It seems odd that while your smartphone is meant to be used without cords, the box it comes in has two cords: one for the charger and another for the earphones. While wireless charging is still nascent technology, Bluetooth audio has been around for a long time. Is it worth your money though? The question boils down to how much you value convenience or quality.
The most common standard you need to look for in Bluetooth speakers or headphones is “2.1 with A2DP”. This is the standard that allows for stereo audio to be played wirelessly over Bluetooth—any older and you will get mono audio, which is simply incomparable to wired headsets.
There are newer Bluetooth standards like v3 and v4 which have been made to improve upon wireless audio by reducing the need to compress the file being transferred. However, most headphones available in the market won’t come with this standard.
You might also hear of a standard called AptX, but you don’t need to pay much attention to it any more. This is an older wireless protocol for CD-quality lossless audio, but the majority of phones and headphones don’t support it now.
Bluetooth vs Wired: Quality
With the BT 2.1 standard, the audio quality for most music through streaming services and the bulk of your MP3 files isn’t noticeably worse than what you get with wired audio. Most MP3 audio files are at 128kbps bitrate, which will be transmitted fine to Bluetooth headphones and speakers, sounding just like it would on your headphones. For majority of users, this is going to be good enough. An easy way to check for the bitrate of your songs is to right-click the file in Windows and go to Properties -> Details. You will find it under the sub-header “Audio”.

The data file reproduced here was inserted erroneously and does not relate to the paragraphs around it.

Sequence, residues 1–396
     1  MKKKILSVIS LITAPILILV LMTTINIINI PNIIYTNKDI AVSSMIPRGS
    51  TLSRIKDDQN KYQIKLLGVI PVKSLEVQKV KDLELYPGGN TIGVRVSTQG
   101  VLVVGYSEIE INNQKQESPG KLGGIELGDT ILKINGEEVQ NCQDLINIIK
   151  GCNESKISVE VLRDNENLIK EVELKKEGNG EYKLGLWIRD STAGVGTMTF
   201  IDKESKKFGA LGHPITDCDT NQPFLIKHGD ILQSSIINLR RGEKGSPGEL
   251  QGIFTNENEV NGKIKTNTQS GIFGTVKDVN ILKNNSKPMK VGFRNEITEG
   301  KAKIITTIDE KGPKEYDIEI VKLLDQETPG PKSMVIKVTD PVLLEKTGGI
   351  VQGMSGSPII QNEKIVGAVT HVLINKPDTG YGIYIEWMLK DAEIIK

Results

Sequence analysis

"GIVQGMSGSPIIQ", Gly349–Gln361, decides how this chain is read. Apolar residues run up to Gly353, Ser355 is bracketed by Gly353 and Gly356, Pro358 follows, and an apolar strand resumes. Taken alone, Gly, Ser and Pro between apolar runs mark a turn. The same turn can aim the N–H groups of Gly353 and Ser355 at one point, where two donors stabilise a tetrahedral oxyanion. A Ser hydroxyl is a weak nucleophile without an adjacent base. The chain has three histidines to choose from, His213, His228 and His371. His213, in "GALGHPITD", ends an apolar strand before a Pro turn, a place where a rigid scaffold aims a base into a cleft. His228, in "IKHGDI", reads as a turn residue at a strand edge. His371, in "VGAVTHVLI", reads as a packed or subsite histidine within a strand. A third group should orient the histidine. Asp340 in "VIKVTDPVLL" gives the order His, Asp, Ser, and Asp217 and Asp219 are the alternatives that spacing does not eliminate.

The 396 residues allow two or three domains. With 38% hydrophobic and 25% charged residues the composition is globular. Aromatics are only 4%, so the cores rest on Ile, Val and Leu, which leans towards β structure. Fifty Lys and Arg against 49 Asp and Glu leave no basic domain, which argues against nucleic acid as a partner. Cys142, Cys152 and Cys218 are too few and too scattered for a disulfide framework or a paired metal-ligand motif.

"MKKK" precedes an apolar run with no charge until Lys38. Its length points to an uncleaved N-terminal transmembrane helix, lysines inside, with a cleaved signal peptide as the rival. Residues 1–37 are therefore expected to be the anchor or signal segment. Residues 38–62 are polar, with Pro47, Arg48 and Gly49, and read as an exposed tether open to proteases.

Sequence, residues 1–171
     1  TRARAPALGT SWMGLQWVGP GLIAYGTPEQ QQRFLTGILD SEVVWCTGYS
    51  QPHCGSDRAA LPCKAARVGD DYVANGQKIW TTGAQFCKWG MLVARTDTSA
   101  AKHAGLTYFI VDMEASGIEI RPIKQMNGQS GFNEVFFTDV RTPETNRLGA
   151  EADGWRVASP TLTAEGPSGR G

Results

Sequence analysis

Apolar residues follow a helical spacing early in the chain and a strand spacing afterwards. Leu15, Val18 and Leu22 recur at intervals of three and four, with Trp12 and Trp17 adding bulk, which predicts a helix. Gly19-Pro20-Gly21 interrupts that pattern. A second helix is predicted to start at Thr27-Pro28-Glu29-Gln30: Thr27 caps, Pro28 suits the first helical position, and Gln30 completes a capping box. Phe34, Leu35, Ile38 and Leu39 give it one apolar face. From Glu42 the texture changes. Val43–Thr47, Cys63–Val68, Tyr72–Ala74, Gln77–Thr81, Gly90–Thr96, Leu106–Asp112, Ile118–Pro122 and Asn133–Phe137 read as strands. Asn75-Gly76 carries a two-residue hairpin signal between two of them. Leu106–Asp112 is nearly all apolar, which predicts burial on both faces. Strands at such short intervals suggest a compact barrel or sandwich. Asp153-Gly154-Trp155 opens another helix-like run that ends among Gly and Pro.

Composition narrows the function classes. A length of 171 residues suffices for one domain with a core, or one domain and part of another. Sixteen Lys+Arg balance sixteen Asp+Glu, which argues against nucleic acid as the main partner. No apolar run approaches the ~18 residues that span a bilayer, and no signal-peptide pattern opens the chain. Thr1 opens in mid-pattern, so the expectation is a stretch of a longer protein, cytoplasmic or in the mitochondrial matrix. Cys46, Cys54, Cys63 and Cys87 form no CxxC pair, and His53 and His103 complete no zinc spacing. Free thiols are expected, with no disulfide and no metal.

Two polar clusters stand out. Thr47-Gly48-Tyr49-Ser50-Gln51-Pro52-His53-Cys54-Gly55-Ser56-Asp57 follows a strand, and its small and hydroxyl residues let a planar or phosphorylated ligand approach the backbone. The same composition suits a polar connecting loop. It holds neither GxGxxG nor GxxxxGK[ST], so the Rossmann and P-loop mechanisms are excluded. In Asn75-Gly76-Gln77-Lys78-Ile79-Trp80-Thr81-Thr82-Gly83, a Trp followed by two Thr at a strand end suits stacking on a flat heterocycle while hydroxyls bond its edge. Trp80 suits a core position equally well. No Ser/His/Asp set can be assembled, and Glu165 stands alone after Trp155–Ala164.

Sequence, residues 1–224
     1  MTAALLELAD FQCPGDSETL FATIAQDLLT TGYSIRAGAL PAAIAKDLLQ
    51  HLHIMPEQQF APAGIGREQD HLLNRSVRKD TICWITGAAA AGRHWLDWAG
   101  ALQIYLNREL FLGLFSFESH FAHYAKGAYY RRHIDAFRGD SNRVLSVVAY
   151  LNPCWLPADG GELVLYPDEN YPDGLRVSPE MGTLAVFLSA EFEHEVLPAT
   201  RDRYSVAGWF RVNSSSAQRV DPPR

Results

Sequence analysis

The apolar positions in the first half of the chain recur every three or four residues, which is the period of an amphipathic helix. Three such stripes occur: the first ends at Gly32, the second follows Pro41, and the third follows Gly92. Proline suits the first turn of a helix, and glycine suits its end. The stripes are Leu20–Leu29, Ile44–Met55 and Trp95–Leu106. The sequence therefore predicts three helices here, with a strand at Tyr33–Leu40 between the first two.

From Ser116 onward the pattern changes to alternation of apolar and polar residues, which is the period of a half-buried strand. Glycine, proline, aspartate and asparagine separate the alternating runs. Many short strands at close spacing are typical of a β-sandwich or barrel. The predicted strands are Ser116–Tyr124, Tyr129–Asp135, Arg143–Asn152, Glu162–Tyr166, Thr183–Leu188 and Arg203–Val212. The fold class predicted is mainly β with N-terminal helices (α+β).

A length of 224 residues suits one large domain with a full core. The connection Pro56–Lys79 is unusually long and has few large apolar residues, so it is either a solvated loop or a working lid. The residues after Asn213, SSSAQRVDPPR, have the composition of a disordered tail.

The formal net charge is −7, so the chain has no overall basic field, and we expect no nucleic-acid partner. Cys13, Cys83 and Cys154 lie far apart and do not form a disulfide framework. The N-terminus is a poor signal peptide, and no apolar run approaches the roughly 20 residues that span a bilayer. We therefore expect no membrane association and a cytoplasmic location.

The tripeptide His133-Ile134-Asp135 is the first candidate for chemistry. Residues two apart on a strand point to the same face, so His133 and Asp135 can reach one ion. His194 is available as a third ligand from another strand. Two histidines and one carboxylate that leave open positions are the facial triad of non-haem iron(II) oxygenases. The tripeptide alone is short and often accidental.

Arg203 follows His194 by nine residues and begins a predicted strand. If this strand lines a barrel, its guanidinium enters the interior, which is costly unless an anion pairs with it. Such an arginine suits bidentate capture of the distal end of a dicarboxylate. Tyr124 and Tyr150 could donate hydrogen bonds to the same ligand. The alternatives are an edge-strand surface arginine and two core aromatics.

If most of your files are 128kbps, then you are fine to go with Bluetooth audio over wired as the difference is negligible.
However, if your files are at 192kbps, then you will notice better quality on wired headphones over Bluetooth ones—provided the hardware of the headphones is on par, of course.
If you are an audiophile who listens to lossless audio with FLAC files, then forget about Bluetooth altogether. For Bluetooth audio to work seamlessly, it needs to compress your files while transmitting, which defeats the whole purpose of lossless audio.
Bluetooth vs Wired: Convenience
In terms of convenience, Bluetooth is a winner by a huge margin. Since it is wireless, you obviously don’t have any tangled cables or a wire accidentally popping out of your phone. And you are free to move around while keeping your phone or speakers in one place. Perhaps most importantly, your Bluetooth headphones aren’t going to stop working as easily as your wired headphones—the latter usually malfunction when the copper wire inside the cord is damaged by wear and tear.
On the down side, Bluetooth headphones have to be charged to use, so that’s continued…
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